For any Boston Celtics fan, the chance to sit inside the TD Garden during an NBA finals game is a coveted opportunity.
But for Heather Walker, a return to the court feels like a particularly special homecoming -- one that she says she is certainly not taking for granted.
"It's like a dream come true," Walker, a longtime vice-president of public relations for the Celtics, told ABC News. "I just can't believe that I'm back here."
The journey back to the TD Garden has not been easy for Walker, and although she is no stranger to chaos, thanks to her many years of wrangling basketball players off the court, she now faces her most difficult challenge yet.
Last June, Walker began to experience headaches, which soon turned into a persistent malaise, leading the mother of two to visit a multitude of doctors. But despite numerous medical visits, her symptoms were determined to be simply the result of her busy schedule.
"I saw like four different doctors and I said, I'm just not feeling well," Walked said. "They said, 'well, just take it easy. You're just a working, stressed out mom.'"
However, just days before her 50th birthday, and with her recurring symptoms still concerning her, she decided to seek medical help once again.
A subsequent CT scan revealed a devastating diagnosis: stage four glioblastoma, a rare and aggressive form of brain cancer -- the same illness that took the lives of Arizona Sen. John McCain, Massachusetts Sen. Ted Kennedy, and former Delaware Attorney General Beau Biden, President Joe Biden's son.
"When I got the diagnosis, I couldn't believe it… it was unbelievable. It was surreal," Walker said. "I had no idea what glioblastoma was. Brain cancer? What am I doing here? I'm a vice president of the Boston Celtics, we're doing off the court, we got to get to work."
"This disease is just awful… and there's no cure," she added.MORE: A couple's mission to bring awareness to incurable brain cancer
The golf ball-sized mass discovered growing in Walker's brain called for urgent and immediate action, requiring emergency and invasive surgery the very next day, followed by weeks of radiation and chemotherapy, and eventually a clinical trial treatment.
Since her diagnosis, Walker has been determined to publicly share her fight with glioblastoma in an effort to bring awareness to the disease, raising funds for much needed treatments, and seeking to galvanize scientists and public officials to find a cure for cancer.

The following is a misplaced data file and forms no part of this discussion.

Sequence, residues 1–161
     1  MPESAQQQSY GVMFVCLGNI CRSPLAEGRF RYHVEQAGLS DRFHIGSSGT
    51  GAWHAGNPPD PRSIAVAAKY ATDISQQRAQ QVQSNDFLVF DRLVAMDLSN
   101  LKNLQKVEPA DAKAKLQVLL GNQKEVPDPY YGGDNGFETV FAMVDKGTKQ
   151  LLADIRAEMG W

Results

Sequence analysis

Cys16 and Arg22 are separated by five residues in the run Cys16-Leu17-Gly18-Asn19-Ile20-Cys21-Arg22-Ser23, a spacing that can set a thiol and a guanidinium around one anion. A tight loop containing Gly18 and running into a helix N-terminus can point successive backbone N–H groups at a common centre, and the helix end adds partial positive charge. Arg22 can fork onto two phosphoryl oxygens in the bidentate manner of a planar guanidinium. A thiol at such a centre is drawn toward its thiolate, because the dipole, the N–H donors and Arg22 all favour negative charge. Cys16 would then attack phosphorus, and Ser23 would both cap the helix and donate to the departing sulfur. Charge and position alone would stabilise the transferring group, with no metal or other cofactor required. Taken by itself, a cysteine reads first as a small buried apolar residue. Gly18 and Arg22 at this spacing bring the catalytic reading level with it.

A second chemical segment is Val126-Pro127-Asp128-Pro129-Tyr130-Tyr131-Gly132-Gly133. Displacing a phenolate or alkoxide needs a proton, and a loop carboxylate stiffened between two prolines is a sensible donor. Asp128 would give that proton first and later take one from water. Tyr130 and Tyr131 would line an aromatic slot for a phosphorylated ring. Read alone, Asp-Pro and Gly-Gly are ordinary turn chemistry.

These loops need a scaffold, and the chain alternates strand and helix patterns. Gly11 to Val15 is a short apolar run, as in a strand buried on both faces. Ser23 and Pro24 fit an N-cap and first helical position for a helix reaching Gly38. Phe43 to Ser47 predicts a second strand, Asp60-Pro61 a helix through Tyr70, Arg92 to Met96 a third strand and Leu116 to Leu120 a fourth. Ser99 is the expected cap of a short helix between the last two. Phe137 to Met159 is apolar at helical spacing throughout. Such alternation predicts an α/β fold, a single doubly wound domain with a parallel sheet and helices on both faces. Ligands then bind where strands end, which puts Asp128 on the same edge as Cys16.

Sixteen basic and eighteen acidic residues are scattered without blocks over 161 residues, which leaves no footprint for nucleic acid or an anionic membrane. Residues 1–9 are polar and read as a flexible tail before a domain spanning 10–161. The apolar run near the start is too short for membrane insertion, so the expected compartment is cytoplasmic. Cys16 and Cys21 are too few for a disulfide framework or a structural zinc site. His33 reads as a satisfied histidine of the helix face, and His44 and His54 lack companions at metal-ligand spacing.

"I feel like I was born to do this. I really feel like I was meant to be here. I'm a vice president of the Boston Celtics, but I was meant to help people cure cancer. I don't think I belong anywhere else than here," Walker said. "And even if I get cured, which, hopefully eventually I do, I'm still moving. I'm not leaving anyone behind. I'm going to keep on going and keep on going. This is what I was meant to do."
A Celtics hero
The storied legacy of the Boston Celtics is one that has been long solidified in NBA and sports history, with 17 championship banners, thanks to basketball legends like Bill Russell, Larry Bird, Bob Cousy, Satch Sanders, and Kevin Garnett.
However, top Celtics executives, players and staff argue that Walker is as much of a legend within the organization as any of the team's most well-known players on the court.
"Heather means everything to the Celtics organization. She's really our heart and soul. She's been here for years and years, she's everybody's favorite person. She brings passion and commitment and just love of life," Celtics co-owner Wyc Grousbeck told ABC News.
Walker is known within the organization as a gregarious and vivacious team player, executives said, and thus the young mother's diagnosis with glioblastoma was "shocking" and "devastating," to all who knew her.
"It was like being hit with an avalanche," Grousbeck said.
"She's such a force of nature — such a person with so much life that [her cancer diagnosis] just seemed incongruous with her," Celtics president Rich Gotham added.MORE: Racial minorities have higher death rates from cancer than white patients, study shows